Good lord, what is that Death Star looking thing on your roof, Beth?

No Worries. It’s my new Urban compost tumbler and tea catcher, ready to devour food, garden, and some paper waste and deliver rich, fragrant compost… in 2-6 months, depending on how diligent I am in feeding it.

But it’s made of (gasp) plastic!

That’s right. 100% post-consumer recycled plastic. The only part that is not recycled is the tea catcher, and I’m having a few regrets about ordering that part. Seems like I maybe could have figured out another way to catch the compost leachate without buying a brand new piece of plastic. Well, live and learn.

So, how does it work?

Glad you asked! Simply add your “green” (fresh leaves, grass, food scraps, coffee grounds, tea bags, anything wet and pungent) and “brown” (dry leaves, grass, shredded paper & cardboard) waste, close the lid, spin the compost tumbler a few times to mix it all up, and leave it alone until you have more to add. That’s it. Over time, the materials will decompose into fresh dirt that no longer resembles (or smells) like the original ingredients. I know this because we had a different composter a few years ago, and after neglecting it all winter, we opened it up in the spring to find gorgeous, sweet-smelling soil.

So why aren’t you using that one?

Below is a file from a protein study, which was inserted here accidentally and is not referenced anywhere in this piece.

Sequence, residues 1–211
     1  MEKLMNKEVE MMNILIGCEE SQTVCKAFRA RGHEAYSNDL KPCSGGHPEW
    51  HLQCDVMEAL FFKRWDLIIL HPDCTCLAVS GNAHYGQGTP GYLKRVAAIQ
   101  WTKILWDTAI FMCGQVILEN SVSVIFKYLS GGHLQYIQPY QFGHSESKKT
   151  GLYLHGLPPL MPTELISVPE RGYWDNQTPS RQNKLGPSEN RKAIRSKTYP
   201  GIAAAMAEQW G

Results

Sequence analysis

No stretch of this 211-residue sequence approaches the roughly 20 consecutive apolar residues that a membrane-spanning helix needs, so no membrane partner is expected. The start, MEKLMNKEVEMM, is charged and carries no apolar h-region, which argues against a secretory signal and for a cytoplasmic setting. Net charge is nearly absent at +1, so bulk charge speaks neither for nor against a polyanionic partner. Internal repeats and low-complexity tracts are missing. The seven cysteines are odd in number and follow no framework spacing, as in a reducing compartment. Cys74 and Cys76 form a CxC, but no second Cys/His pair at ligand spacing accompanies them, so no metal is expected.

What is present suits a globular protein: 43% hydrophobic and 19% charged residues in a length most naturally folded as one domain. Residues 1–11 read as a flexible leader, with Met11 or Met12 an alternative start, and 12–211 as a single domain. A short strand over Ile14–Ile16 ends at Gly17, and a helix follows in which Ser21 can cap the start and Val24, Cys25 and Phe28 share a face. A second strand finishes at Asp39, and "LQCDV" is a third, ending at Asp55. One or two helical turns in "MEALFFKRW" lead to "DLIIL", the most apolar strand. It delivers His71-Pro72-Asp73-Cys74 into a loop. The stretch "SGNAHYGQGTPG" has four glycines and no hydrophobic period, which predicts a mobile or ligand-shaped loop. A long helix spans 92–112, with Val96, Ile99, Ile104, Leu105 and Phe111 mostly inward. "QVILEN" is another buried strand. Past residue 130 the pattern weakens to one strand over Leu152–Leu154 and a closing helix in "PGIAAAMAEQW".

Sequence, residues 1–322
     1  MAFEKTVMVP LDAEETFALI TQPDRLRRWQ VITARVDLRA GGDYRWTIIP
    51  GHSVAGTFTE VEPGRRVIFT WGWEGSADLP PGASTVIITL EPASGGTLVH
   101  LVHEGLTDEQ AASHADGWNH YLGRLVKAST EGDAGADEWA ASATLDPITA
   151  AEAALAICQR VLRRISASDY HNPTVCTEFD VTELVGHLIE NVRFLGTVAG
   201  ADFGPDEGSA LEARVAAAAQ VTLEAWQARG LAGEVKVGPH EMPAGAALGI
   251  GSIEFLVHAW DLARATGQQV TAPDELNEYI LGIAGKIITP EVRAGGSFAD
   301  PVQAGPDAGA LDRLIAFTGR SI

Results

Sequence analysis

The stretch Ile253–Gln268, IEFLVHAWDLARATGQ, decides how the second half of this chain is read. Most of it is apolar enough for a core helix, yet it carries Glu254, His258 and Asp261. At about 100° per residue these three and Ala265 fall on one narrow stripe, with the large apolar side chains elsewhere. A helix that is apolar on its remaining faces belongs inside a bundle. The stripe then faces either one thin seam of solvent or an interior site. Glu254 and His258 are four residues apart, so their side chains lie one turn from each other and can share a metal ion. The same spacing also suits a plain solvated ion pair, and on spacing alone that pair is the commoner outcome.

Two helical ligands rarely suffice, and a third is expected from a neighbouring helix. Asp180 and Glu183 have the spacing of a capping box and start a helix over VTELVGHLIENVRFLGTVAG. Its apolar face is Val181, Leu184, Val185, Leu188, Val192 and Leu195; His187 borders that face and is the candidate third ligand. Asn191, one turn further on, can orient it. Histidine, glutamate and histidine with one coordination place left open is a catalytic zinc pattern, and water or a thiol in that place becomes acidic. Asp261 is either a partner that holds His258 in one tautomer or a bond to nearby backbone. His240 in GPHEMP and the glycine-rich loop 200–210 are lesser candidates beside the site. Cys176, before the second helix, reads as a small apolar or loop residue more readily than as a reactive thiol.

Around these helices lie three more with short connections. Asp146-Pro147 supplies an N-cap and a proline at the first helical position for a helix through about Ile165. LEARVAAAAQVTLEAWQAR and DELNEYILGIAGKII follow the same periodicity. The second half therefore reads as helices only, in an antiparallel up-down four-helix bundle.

Well, the thing is, we don’t actually have a yard, only a roof deck. The composter we had was meant to sit on the ground. Instead, I had it on a wooden palette on top of a black plastic sheet. Still, the deck underneath got pretty gross. I didn’t think it was the best idea, especially since as renters, we didn’t actually own the deck we were grossifying. So I traded the composter for a worm bin, but I never found time to purchase the worms to go in it and worried that if I did purchase the worms, they’d die from neglect. Composters, on the other hand, love neglect. Hence, my decision to re-Freecycle the worm bin and spring for the compost tumbler, which will never touch the deck.

Why did you buy that one?

Boy, I stayed up several nights in a row researching which compost tumbler to buy. I’ll list for you the ones I considered, the pros and cons, and the reason I chose the Urban Compost Tumbler.

1) Back Porch ComposTumbler:

  • Materials: Drum made from new polyethylene; frame made of polyester powder coated steel tubing.
  • Tumbling method: Drum spins on metal frame, turned by a metal crank.
  • Mobility: wheels attached to frame so tumbler can easily be moved.
  • Tea catcher: No.
  • Appearance: attractive green drum with black frame. Blends in with garden or deck.